ARMEX is environmentally friendly and classified as a non-hazardous and no-toxic (GRAS) material. ARMEX is water soluble, pH neutral, non-flammable (wont thermal spark) and is silica free. ARMEX formulations are unique and distinct from other baking soda blasting abrasives. ARMEX is the only baking soda abrasive with flow aids and advance moisture control additives. ARMEX is the only baking soda abrasive on the market that is USDA A-1 approved. This means ARMEX™ hold a USDA certification as a general cleaning agent for all surfaces in all areas that are in contact with to food. An additional benefit of ARMEX products are flow aids and advance moisture control additives which will prevent blasting equipment from clogging. Baking soda is a natural desiccant and loves to absorb water. Without these flow aids and advance moisture control additives, traditional baking soda would clog blasting equipment. In addition, it helps to preserve ARMEX when stored in high moisture environments or when used in high moisture environments.
The blast media used in soda blasting can be formed from several different sizes of sodium bicarbonate crystals, each appropriate for specific types of cleaning applications. ARMEX has developed 11 sodium bicarbonate formulas, with mean particle sizes ranging from 70 microns to 270 microns. Generally speaking, more robust surfaces can withstand higher crystal sizes. Larger particles yield more cleaning power making the correspondent formulas appropriate for thicker coating removal and heavier cleaning applications. Medium-sized particles carry less mass but deliver more hits per square inch to the material being cleaned, and are thus suited to remove thinner coatings on more sensitive substrates. Smaller particles are best for substrates that are more delicate; ARMEX uses them to create specialty formulas for very specific surface preparation requirements, such as highly sensitive, thin or composite materials.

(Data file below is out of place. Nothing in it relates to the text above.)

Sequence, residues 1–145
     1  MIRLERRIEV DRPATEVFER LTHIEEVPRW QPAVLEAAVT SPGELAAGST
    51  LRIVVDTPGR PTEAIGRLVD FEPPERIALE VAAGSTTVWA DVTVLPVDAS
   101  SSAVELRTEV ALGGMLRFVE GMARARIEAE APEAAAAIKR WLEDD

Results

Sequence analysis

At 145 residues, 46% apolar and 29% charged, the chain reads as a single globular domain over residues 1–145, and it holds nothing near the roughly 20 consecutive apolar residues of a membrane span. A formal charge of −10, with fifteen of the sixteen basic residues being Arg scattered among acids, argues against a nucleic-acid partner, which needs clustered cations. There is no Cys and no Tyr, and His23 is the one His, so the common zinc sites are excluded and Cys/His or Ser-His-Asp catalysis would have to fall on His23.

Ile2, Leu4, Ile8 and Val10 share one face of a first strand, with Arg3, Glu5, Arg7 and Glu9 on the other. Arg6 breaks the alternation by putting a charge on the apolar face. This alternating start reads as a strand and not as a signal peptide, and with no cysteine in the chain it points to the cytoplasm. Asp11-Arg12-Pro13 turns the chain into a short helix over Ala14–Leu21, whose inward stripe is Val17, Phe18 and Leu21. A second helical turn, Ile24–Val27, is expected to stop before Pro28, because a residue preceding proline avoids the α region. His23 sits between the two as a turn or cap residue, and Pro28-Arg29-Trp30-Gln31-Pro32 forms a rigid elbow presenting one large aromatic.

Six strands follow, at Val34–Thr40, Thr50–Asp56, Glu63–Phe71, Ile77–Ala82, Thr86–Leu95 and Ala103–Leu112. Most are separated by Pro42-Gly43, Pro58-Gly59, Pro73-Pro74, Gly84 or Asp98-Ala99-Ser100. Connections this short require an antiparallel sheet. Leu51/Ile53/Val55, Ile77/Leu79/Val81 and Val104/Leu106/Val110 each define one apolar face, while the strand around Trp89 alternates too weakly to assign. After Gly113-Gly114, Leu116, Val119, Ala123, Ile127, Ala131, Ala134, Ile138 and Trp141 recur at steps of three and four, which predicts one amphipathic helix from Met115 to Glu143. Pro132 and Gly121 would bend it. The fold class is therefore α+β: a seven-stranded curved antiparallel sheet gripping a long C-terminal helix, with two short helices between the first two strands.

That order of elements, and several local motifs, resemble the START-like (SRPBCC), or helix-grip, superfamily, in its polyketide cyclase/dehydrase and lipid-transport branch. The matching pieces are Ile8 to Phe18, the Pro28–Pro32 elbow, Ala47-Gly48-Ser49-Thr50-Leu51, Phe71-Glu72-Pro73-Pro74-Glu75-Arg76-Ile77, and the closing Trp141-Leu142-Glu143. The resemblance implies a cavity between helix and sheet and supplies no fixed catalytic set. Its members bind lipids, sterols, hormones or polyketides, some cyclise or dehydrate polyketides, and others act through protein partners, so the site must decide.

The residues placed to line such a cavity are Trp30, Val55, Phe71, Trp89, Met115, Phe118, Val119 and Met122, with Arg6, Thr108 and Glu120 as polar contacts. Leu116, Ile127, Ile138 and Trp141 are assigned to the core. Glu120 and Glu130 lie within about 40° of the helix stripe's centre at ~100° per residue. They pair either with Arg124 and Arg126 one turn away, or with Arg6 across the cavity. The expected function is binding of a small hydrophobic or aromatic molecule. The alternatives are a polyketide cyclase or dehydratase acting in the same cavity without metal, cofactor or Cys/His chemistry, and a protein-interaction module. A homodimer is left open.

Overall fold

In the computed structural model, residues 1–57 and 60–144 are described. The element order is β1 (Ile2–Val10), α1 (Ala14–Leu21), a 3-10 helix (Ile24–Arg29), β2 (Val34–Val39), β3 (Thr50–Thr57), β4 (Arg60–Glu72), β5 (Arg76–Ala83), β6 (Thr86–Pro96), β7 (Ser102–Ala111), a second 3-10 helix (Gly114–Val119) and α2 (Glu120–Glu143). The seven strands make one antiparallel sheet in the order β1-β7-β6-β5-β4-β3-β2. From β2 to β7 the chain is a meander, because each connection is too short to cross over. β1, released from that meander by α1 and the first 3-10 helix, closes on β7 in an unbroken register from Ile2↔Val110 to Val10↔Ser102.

Soda blasting is a versatile process, from its use in cleaning colossal statues to blasting greasy residue off automotive parts. ARMEX family of sodium bicarbonate formulas are versatile as well and excels at grease and oil removal and removal of coatings, burnt on carbon, gasket materials, grim and any other contaminant that is less harder than baking soda. Use ARMEX for abrasive blasting on a wide variety of materials including glass, steel, aluminum, lead, alloys, plastics, rubber, composites, wood, masonry materials and PVC all without damaging the substrate materials.